Essentially there are two types of room on any resort:
– Beach Villa (Usually one-storey bungalow facing the sea with 2 personal deckchairs in front. Some resorts have double-storey terraces)
– Water Villa (This, is what most people dream of – the bungalow built over water, where a staircase from the balcony leads you to the school of fish swimming just below. And naturally the most expensive option)
– Garden Villa (Some resorts may have this option which is located in the middle of the island with no view)

All accommodation charge a bed tax of USD8 per person per night, regardless of age. You may be glad to know this bed tax is used to fund education for the Maldivians. Also to note is your expenses are subject to a 10% service charge plus 8% GST. Check if all these taxes are already included in your daily room rate, or separately payable.

Some resorts have a minimum booking period of about 6 days (you can book via Agoda to get around this). I would recommend spending a minimum of 4 days to a maximum of 2 weeks. Beyond that you will get jaded with too much goodness. By Day 5, we started categorising resort guests by the number of days they have stayed from observing them (Day 1 – visibly excited, everything also take picture; Day 2 – Sporting a light tan and going on snorkelling excursions; Day 3 – Lazing by the beach; Day 4 – Sporting a sunburn; Day 5 – Hiding in the bar with a drink in hand; Day 6 – Hiding in the jacuzzi in the room; and not even a manta ray can excite them. And the list goes on…just for fun lol.) We stayed a comfortable 6 days, enough to experience most of what’s available, yet yearn to come back for more.

This really depends on your budget. I would say you need a bare minimum of USD1,200 to USD1,500 per pax, to whatever amount you can afford. For a budget stay, consider guesthouses in one of the local islands. Maafushi is one of the islands pretty popular with budget travellers due to its proximity to Male and availability of ferries daily (USD3 per way). There are also dive centres at some of the guesthouses which also provide trips to other islands. Other popular local islands include Guraidhoo, Himmafushi, Dhangethi, Rasdhoo and Thulusdhoo. But bear in mind these look nothing like the Maldives ads you see.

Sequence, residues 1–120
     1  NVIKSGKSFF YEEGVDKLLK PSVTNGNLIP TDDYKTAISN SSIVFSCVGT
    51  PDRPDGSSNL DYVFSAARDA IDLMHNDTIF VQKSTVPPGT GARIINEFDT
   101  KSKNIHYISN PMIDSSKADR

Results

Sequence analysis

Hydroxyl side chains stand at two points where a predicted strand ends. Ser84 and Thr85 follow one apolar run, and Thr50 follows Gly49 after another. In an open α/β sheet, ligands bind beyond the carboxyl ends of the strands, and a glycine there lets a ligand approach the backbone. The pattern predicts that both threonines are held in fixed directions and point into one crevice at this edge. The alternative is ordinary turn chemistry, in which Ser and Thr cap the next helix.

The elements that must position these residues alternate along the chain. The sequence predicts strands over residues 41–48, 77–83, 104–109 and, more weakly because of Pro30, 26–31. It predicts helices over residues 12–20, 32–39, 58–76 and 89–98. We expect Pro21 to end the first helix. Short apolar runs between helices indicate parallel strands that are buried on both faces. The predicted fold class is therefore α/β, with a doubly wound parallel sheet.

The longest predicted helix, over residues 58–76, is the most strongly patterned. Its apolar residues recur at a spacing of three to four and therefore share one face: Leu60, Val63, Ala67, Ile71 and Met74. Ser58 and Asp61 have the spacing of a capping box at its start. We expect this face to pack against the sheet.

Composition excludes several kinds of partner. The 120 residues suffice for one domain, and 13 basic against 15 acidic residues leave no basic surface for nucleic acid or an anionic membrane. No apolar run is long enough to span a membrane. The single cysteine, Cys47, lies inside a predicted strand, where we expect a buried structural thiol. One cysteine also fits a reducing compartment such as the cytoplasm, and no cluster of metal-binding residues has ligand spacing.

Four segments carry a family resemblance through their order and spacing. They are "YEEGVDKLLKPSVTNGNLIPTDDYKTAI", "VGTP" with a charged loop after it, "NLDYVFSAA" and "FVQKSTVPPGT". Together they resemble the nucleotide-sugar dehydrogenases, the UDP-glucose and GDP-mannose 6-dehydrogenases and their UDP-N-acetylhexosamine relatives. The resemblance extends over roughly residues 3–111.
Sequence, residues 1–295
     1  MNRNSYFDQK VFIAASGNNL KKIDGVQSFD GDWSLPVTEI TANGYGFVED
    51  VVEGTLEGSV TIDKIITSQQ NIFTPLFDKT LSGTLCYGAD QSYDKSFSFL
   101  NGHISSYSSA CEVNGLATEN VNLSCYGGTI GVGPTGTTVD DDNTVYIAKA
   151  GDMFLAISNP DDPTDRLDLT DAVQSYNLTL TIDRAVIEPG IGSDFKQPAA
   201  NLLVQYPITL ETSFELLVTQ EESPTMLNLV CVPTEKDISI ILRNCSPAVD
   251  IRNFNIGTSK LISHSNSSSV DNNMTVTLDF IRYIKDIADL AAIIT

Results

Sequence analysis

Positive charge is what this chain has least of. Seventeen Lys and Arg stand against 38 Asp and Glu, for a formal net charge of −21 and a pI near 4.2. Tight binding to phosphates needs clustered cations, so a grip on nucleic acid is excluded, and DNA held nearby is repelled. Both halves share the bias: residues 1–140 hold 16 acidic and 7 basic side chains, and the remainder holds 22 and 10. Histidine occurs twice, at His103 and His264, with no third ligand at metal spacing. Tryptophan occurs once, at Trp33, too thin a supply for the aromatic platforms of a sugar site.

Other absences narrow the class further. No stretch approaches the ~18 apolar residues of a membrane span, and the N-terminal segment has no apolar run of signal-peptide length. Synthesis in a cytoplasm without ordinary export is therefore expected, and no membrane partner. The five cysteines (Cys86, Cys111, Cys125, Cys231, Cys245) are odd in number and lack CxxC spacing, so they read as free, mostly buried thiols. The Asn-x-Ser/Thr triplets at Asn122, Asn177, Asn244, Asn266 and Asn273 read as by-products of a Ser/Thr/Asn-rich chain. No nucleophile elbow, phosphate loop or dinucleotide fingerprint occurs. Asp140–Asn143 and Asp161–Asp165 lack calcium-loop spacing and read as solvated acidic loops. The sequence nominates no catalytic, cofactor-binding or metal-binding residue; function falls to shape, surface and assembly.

For us, we opted to stay at a resort for our first experience. Reviews from Tripadvisor say that the South Ari atoll have better reefs, so we opted for this area when searching for accommodation.

The criteria we used while searching for accommodation included:
– Availability of a good house reef (being able to snorkel along the beach means you do not have to spend on daily boat trips out to snorkel)
– Variety of food (we didn’t think we could survive a week eating the same thing 3 times a day)
– Availability of activities on the resort and trips offered (unless all you want to do is make babies)
– Accommodation options available (we tried to opt for full board or all inclusive so we don’t get a shock when the bill comes)
– Price (but of course!)
You may have different criteria, so do check out forums such as Tripadvisor to help you decide on your ultimate resort.

I have listed some of the Maldives accommodation with relatively positive reviews for your reference:
Narnia Maldives (budget)
Reethi Beach (budget)
Ras Reef Guest House (budget)
Kaani Beach Hotel (budget)
Vilamendhoo Island Resort (mid-range, and where we chose)
Veligandu Island Resort (mid-range)
LUX* Maldives (mid-range)
Kuredu Island Resort (mid-range)
Kuramathi Island Resort (mid-range)
Lily Beach Resort (luxury)
Diamonds Athuruga Beach & Water Villas (luxury)
Constance Moofushi (luxury)
Conrad Maldives Rangali Island Resort (luxury)
Jumeirah Dhevanafushi Resort (luxury)
Six Senses Laamu (luxury)
Milaidhoo Island (ultimate luxury)
Taj Exotica Resort & Spa (ultimate luxury)
One&Only Reethi Rah (ultimate luxury)
Cocoa Island by COMO (ultimate luxury)
Gili Lankanfushi (ultimate luxury – they have a chocolate cave!)
– If you want to see more of Maldives, why don’t you consider a cruise? Check for cruises on the Liveaboard Association of Maldives website. Some cruise operators you can consider include The Four Seasons Explorer, Maldives Dive Travel, Voyages Maldives and Maldives Cruise Guide.

If you have stayed in any of the above resorts or have one to recommend, do drop me a note, I would love to hear from you! Hope this has been useful for your Maldives holiday, or at least inspire you to plan for your next vacation to paradise ;)